Bad dads make for good television. Tony Soprano verbally abuses his kids, Don Draper has an affair with his daughter’s teacher (and generally neglects his children), and Walter White chooses meth over family. But no one really cares about their poor parenting skills because they’re inherently flawed anti-heroes. Of course they’re terrible parents, we think to ourselves. It’s much harder to absolve the sins of the television father when viewers are supposed to think said father is great. And there’s one exceptionally shitty dad whose piss poor parenting is constantly on display, yet rarely acknowledged: Ross Geller.
The primary appeal of Friends — and why it constantly ranks high on Netflix’s most-watched list — lies in watching a group of lovable, but immature 20-somethings goof around while they figure out their lives and find their place in the world. Their jobs are jokes. They’re broke. And their love lives? DOA. And for most of them, that’s fine. Sure, Chandler, Monica and the crew start off as lazy, shallow slackers, but they aren’t responsible for anyone other than themselves. Ross is different. He begins the series with the discovery that his ex-wife is pregnant with his child, and assures her that he will be a fully present dad. He has clear responsibility his buddies do not.
But once his son Ben is born, Ross shirks nearly all parenting responsibilities.dad. Throughout the show’s 236 episodes that span 10 years, Ben appears in a grand total of 16 episodes. That means Ross sees him less than twice a year. He lives in the same city as his child but would rather spend time dating, messing around with his friends, and hanging with his illegal pet monkey than be a part of Ben’s life.
But maybe Ross deserves a break. After all, quality of time is more important than quantity of time, right — especially when you’re constrained to a sitcom structure, right? But the majority of Ben’s appearances show that Ross has awful priorities when it comes to raising his son.
Take season three’s “The One with the Metaphorical Tunnel“. Ross sees Ben playing with a Barbie doll and loses his damn mind, forcing his young son to give up the Barbie in favor of more “manly” toys. Nice job reinforcing that toxic masculinity at a young age, Ross.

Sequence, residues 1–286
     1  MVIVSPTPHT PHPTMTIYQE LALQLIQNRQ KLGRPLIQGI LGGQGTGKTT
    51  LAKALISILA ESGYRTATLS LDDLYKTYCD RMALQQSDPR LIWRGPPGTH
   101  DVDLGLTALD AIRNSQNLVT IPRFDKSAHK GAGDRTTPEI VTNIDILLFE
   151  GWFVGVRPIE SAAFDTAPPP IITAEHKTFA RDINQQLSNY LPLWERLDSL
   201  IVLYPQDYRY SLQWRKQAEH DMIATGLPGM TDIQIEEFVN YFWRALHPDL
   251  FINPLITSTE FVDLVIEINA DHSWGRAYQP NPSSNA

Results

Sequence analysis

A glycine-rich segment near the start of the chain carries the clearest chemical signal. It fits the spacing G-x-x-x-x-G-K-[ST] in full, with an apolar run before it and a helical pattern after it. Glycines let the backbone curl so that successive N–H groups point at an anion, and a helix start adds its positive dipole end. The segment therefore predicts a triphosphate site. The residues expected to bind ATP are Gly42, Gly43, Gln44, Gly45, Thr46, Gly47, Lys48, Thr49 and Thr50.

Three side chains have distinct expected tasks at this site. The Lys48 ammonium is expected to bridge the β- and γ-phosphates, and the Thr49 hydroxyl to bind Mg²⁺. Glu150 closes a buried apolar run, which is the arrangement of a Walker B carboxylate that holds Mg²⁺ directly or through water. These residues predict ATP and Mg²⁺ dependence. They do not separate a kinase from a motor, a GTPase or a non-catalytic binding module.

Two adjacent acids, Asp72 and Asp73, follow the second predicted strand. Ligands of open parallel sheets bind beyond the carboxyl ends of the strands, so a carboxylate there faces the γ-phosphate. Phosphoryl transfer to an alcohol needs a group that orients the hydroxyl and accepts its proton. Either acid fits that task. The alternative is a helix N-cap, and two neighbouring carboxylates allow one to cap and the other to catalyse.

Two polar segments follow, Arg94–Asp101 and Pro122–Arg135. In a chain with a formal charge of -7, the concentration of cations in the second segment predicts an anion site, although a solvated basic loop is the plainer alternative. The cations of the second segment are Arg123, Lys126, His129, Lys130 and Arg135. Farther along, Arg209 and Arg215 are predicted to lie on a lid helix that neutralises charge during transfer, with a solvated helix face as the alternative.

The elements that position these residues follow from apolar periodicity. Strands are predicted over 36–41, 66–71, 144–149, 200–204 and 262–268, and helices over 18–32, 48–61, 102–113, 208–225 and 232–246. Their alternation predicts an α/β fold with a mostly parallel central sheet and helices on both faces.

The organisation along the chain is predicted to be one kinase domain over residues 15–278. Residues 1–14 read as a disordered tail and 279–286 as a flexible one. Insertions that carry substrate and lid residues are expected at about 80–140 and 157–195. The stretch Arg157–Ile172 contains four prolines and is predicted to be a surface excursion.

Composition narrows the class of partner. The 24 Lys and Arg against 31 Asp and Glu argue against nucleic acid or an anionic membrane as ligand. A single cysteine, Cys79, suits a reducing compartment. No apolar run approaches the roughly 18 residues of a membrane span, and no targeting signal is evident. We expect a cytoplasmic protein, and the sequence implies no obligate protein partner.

Then look at season six’s “The One On The Last Night.” Ross pretends to spend time with Ben to avoid helping his friends move, but the “Ben” he’s hanging out with is actually a dummy with a pumpkin for a head. Why Ross doesn’t just go actually spend time with his son is a mystery. Yes, Friends is a sitcom and narrative structure demands shortcuts. But we can only divine what we see on the screen and what we see is that Ross is a terrible father to Ben.
When Ross’ second child, Emma, enters the picture, he shows some improvement on a lot the mistakes he made with Ben. Sure, his antiquated resistance to hiring a male nanny for his daughter shows he still has some issues with toxic masculinity, but at least he’s a much more of a presence in his daughter’s life. Unfortunately, all that progress is undone when the awful truth is revealed: He only cares about Emma because she can get him closer to Rachel.
Towards the end of the series, Rachel is set to move to Paris for a job and will take Emma with her. He’s devastated and does everything he can to convince her not to go. Not once is he ever concerned with losing Emma. He doesn’t care that his daughter will be living across the ocean and he’ll see her on major holidays. His only issue is that his on-again, off-again girlfriend won’t be around for him to fall back in love with once a year.
No, the point of Friends was not to show off Ross’ parenting skills. But it does him no favors. Throughout the show’s 10-season run, it’s clear that Ross doesn’t care about being a father. Give us Tony Soprano or Walter White any day of the week. At least they’re honest with themselves. All Ross cares about is being a good friend.